Jonah admitted he was guilty as charged. He was the one at whom God was directing His anger. What god? The God of heaven and earth, the one true, living God. Why? Because Jonah didn't want to go where God told him to go, didn't want to do what God told him to do, so he was headed for Tarshish instead. The only hope for everyone else was to throw Jonah overboard.
Yikes! The ship's crew had heard of the God of the Israelites, and knew He was a force to be reckoned with. They were afraid to throw Jonah overboard for fear that his God would turn His anger back on them. So they tried everything they could to get the boat to shore. The storm kept getting worse, though, and finally they agreed to throw Jonah into the raging waters; But not before they prayed to God! They pleaded with God not to make them die for Jonah's sin, and with that, they threw him into the abyss.
Much to their amazement, the storm ceased immediately. They fell to their knees and thanked God for having spared them, and from that day on, they served and worshiped only the one true God.
Meanwhile, Jonah was sinking deeper and deeper into the sea. He described the water closing in over him, seaweed wrapping around his head and body, and sinking deep, deeper, and ever deeper. He may have been hallucinating when he said he sank to the roots of the mountains and was trapped in the earth. He remembered being aware that his life was slipping away from him. It was at that very moment as he was losing his grip on reality, that a some sort of great fish, probably a whale but maybe some other huge sea animal, swallowed him up. Barely able to form a single thought, from somewhere deep inside of him Jonah began praying. He didn't pray for himself, he prayed for those who worshiped false gods and turned their backs on the Lord's tender mercies. I can imagine he spent the next three days drifting in and out of consciousness. I'm sure he spent a lot of time praying even when he wasn't fully awake. I've done that, so it's easy to picture him doing it too. At some point he said his prayers became earnest and he promised to answer the call, and fulfill his vow to God.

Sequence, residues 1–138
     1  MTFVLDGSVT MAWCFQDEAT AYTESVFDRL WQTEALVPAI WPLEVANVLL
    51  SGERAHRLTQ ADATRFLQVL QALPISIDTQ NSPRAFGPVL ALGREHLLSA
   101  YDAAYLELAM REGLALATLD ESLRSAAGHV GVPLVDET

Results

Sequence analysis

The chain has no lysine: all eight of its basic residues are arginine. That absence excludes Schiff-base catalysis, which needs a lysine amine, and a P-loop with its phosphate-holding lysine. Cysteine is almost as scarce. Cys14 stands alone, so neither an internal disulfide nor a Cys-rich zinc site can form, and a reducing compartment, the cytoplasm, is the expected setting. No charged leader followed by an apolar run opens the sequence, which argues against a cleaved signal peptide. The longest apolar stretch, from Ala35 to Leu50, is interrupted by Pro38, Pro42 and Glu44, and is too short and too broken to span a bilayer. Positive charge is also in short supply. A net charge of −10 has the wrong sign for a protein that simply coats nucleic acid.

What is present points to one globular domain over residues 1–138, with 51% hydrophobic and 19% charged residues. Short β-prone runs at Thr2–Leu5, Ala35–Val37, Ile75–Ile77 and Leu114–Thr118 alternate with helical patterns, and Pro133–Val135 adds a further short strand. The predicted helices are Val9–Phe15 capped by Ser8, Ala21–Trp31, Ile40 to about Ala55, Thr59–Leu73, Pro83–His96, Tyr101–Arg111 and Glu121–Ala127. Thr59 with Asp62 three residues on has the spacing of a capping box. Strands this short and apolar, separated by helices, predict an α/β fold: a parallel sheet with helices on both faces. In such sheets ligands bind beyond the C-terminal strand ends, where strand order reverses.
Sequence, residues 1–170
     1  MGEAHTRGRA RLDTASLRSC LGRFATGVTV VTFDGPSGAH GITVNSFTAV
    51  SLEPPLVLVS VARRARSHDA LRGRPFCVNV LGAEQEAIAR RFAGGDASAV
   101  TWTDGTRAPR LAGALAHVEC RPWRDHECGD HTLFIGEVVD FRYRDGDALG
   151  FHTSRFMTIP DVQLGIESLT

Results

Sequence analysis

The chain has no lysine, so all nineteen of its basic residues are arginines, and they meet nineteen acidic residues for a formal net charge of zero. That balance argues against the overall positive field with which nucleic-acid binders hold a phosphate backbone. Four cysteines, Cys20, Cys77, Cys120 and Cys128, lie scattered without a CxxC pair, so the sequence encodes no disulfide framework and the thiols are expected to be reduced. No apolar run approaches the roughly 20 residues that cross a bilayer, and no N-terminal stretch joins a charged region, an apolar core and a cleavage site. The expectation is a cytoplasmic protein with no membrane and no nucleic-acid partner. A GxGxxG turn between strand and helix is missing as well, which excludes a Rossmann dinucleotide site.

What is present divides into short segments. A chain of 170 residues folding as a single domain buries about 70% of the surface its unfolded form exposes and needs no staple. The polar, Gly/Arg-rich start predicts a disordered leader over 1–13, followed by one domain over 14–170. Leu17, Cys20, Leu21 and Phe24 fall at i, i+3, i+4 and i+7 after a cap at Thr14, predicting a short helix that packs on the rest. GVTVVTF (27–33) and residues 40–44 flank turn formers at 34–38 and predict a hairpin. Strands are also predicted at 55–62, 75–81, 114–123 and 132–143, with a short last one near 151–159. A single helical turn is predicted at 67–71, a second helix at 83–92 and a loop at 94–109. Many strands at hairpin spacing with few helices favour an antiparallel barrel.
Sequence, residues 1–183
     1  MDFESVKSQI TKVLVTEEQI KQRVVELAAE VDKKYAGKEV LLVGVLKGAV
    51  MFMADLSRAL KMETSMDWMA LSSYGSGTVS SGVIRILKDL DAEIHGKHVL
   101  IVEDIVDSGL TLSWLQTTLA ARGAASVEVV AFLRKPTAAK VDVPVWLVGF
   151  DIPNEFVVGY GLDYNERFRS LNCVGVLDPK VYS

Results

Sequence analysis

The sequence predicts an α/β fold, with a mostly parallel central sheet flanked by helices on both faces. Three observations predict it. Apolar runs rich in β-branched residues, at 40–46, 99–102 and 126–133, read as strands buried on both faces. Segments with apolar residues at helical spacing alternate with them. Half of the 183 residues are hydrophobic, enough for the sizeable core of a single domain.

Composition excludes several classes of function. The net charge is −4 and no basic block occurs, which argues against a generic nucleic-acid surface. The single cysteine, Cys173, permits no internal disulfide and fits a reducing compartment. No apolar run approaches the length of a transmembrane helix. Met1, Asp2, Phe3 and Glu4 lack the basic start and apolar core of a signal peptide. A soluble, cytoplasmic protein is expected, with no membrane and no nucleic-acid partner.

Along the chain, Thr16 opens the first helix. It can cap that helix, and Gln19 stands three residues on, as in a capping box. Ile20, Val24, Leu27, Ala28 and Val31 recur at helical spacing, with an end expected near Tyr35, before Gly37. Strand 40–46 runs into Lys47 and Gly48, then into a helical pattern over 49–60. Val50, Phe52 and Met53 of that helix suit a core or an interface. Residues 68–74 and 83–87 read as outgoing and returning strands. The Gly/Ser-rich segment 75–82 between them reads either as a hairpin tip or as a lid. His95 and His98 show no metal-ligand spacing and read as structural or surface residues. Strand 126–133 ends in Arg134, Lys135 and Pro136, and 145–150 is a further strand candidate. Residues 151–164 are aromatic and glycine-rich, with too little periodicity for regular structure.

Out came Jonah, sneezed out onto the beach. He must have dipped himself into the sea to bathe off the slime and whale-snot before he set off towards the great city of Nineveh. As soon as he arrived, he began shouting as loud as he could.